In Chiefs’ losses under Mahomes since the start of 2019, the opponent averaged 35 rushing attempts and 174 rushing yards.
The good news for Buffalo entering Sunday night is that not only are the Bills running the football well, but the Chiefs are also getting gashed on the ground so far in 2021. Kansas City has surrendered the second-most rushing yards per game with 146 and most rushing yards per attempt with 5.4. Continuing to incorporate the run game on Sunday night is vital for Buffalo.
PASSING GAME EFFICIENCY
Allen is an elite competitor that has developed into an outstanding quarterback, but despite all of his growth, he hasn’t played winning football against the Chiefs. It connects back with embracing the mindset discussed earlier. Allen is guilty of chasing big plays and not taking the simple profits in the passing game.
In two games against Kansas City, Allen completed just 56% of his passes. While rain impacted the Week 6 outing last year, Mahomes still managed to complete 80.7% of his passes in that contest under the same conditions while Allen completed just 51.8%. In games not against the Chiefs in 2020 (including the playoffs), Allen completed 69.8% of his passes.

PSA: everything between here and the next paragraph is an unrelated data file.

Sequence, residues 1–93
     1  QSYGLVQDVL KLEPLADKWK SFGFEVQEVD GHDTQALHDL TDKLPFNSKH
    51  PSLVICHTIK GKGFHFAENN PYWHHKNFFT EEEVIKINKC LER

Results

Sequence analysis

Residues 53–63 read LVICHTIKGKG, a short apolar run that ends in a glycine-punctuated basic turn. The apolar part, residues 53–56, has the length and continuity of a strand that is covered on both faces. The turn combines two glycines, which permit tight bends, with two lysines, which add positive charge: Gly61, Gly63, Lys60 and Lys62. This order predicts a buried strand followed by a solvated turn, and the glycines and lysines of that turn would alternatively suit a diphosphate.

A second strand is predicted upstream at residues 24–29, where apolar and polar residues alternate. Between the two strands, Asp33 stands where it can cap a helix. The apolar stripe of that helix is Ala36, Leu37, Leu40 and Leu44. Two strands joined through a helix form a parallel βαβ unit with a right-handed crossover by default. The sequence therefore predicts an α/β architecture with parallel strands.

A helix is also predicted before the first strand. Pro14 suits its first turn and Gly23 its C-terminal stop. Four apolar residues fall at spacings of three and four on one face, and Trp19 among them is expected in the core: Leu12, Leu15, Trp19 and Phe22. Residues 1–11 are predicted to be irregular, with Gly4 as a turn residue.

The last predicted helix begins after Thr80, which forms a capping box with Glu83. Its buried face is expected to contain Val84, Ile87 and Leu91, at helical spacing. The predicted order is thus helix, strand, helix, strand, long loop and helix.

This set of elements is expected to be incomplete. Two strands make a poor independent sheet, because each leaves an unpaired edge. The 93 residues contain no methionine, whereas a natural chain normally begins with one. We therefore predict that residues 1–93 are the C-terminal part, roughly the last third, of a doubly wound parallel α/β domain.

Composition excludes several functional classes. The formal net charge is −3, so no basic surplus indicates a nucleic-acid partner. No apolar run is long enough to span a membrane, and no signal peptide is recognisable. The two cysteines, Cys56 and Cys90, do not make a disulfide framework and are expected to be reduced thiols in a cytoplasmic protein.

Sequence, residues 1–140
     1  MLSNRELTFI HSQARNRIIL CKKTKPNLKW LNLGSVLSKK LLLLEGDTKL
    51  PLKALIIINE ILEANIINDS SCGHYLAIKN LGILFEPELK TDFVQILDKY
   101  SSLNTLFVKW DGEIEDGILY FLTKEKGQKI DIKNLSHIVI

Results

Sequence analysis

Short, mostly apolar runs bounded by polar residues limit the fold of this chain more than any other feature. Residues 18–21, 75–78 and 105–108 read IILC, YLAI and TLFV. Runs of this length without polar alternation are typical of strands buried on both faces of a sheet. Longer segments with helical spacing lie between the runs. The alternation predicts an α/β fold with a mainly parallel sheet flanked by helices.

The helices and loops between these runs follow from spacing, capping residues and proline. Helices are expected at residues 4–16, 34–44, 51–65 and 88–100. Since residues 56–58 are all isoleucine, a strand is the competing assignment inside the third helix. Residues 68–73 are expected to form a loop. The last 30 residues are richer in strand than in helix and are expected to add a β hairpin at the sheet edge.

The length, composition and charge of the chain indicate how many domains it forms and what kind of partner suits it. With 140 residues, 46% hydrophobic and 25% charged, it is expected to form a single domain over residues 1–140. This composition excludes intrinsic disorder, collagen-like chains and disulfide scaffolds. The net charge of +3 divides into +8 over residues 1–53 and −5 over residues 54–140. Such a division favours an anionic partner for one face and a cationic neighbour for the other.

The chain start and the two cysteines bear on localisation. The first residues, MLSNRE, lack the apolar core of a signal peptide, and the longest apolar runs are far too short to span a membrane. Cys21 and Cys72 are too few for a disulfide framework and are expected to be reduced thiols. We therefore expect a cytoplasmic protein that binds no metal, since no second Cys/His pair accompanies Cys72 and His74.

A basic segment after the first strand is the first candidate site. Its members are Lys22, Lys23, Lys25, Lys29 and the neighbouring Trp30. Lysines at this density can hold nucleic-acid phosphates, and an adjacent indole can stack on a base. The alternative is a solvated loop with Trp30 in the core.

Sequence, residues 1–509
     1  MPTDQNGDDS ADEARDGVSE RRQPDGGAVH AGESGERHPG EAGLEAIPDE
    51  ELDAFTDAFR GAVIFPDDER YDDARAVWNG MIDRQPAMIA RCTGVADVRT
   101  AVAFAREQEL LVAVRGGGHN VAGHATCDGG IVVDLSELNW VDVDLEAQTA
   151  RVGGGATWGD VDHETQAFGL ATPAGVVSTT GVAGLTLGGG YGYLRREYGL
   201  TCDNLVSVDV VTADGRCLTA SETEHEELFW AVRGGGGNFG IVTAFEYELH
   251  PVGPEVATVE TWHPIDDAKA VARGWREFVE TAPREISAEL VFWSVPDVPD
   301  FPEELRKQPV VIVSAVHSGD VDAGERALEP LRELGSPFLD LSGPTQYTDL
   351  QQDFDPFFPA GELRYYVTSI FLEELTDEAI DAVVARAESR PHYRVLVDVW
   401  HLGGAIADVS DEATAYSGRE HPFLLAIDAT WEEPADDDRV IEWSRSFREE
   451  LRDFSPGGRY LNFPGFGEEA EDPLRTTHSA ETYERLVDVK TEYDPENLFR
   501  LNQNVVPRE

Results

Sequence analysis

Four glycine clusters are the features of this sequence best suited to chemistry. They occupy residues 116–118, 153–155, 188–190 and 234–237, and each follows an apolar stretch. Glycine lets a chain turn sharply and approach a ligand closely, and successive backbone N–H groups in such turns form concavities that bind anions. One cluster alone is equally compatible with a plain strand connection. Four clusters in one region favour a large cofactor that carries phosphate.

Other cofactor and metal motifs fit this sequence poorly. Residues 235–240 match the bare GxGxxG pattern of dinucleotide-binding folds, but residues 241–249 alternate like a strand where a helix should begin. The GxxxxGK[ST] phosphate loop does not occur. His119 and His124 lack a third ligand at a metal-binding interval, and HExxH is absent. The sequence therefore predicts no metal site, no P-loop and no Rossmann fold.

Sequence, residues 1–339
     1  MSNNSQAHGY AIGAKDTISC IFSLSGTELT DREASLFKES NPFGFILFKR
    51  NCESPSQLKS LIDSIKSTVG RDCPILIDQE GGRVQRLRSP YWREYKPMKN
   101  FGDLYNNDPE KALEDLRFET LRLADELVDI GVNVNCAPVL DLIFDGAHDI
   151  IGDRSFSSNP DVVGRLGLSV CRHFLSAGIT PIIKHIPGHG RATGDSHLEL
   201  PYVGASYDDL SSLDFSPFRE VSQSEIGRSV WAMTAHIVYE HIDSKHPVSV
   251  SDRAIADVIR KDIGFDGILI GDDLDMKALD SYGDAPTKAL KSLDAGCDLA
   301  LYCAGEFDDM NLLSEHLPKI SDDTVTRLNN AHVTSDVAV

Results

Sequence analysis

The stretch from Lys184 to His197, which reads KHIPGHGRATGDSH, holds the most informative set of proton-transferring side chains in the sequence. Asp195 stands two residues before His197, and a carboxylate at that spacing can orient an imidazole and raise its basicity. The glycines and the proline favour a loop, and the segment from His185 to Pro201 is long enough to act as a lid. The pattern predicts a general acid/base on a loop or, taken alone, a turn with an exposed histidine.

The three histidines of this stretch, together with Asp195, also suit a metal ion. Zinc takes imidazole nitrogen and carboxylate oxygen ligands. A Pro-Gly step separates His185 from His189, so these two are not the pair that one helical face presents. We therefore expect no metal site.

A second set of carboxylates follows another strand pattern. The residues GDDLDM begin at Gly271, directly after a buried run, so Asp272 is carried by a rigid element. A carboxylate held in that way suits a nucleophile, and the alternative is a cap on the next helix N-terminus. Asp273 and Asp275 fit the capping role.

So far in 2021, opposing quarterbacks are completing 69.3% of passes against the Chiefs for a passer rating of 104.1. The Chiefs are allowing 291.8 passing yards per game.
The opportunities in the passing game will be there for Allen on Sunday night, but like the rest of the team, it’s about not trying to do more—just play the game the team is capable of playing.